Now that the U.S. harvest is over Chicago grain traders have turned their attention to South America where farmers are busy planting corn and soybeans.
Argentina and Brazil toppled the United States a few years ago as the top exporters of soybeans, representing 49 percent of the world’s soy trade this past season versus the United States at 40 percent. But Brazilian plantings are expected to be down this year as credit pressures are deterring farmers from planting more.
The world grain trade is counting on South America to produce big soybean crops this season — taking up some of the slack from the United States where soy stocks have slipped to historically low levels given strong demand and a short crop in 2007.
Dryness in Argentina raised crop concerns and underpinned Chicago Board of Trade grain and oilseed prices early last week. But as the No. 3 soy exporter saw scattered rains, worries eased and the focus turned to southern Brazil.
Parana and Rio Grande do Sul, the second and third largest Brazilian soy states, are the driest. Both are expected to see light, scattered showers by Tuesday.
“That rain next week is going to be an important event,” said Mike Palmerino, DTN Meteorlogix forecaster.
While South America needs rain, Australia is for once struggling with too much. Farmers are trying to put away this year’s wheat crop but constant rains have stalled their efforts and likely reducing the quality of the crop.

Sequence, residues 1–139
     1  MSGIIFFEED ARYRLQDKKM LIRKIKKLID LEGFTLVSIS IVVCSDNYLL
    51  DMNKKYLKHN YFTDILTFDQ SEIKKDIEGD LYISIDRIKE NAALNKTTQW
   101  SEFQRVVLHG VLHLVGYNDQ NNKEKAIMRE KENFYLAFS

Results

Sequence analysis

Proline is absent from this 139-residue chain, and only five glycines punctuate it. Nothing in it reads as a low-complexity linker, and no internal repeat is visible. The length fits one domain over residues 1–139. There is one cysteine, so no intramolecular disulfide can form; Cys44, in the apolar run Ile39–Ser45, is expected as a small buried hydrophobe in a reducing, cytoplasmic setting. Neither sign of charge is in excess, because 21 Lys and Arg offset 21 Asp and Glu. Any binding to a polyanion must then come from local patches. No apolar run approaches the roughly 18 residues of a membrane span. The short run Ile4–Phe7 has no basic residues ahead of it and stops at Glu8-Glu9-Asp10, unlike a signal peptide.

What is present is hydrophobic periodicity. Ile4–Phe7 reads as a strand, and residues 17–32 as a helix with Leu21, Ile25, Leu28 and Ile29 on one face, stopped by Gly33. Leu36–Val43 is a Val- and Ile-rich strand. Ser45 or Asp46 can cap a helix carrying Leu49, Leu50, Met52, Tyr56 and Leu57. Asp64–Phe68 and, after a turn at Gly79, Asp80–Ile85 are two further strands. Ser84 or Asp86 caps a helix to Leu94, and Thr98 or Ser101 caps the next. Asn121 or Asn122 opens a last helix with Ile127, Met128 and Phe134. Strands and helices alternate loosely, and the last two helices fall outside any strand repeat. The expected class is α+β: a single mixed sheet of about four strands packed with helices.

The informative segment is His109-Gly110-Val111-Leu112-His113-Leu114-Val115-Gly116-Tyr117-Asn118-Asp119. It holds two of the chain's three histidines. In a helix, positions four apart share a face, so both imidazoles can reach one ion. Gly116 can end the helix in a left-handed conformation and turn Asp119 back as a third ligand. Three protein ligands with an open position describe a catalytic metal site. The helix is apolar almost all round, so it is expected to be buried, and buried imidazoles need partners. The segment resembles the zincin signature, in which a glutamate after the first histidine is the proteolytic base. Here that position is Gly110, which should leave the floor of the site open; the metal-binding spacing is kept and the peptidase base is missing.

More poor quality wheat will only add to already big global supplies of feed wheat, which is cutting into demand for U.S. corn. Export sales of corn have been under 500,000 tonnes for the past five weeks and off to their slowest pace since 2002. U.S. corn exports last season totaled nearly 62 million tonnes, or 65 percent of the global corn exports.
The final U.S. government supply-and-demand report of the year will be issued on Dec. 11, with many analysts expecting USDA to shave its 2008/09 U.S. corn export figure to reflect the slowed pace. But traders will have to wait until USDA’s Jan. 12 crop report for final 2008 production numbers.
While the supply outlook is having a little more play on CBOT prices, the global economic slowdown is hurting employment and food spending and will undoubtedly continue to loom over the markets.
Grains and oilseeds have traded sideways for weeks as investors moved to the sidelines, unwilling to take on fresh positions. Cash grain traders are also still finding it tough to finance purchases from farmers amid continued tight or frozen credit markets.
“We are in the de-leveraging process,” one CBOT cash-connected trader said this week. “No reason to think that will change before year’s end, especially as the markets move into their annual slow holiday period.”
But grain traders in the coming week will still keep an eye on Wall Street for economic signs.
Weekend retail sales following the U.S. Thanksgiving holiday, typically the biggest shopping period of the year will be one key economic indicator. More critical will be the government’s November jobs report, issued on Friday, which will likely provide more evidence of a deep economic downturn and possible additional interest rate cuts, which grain traders always welcome.
PHOTO: U.S. corn harvest wrapped up for 2008. Corn field in southern Wisconsin taken Nov. 29 by Chris Stebbins.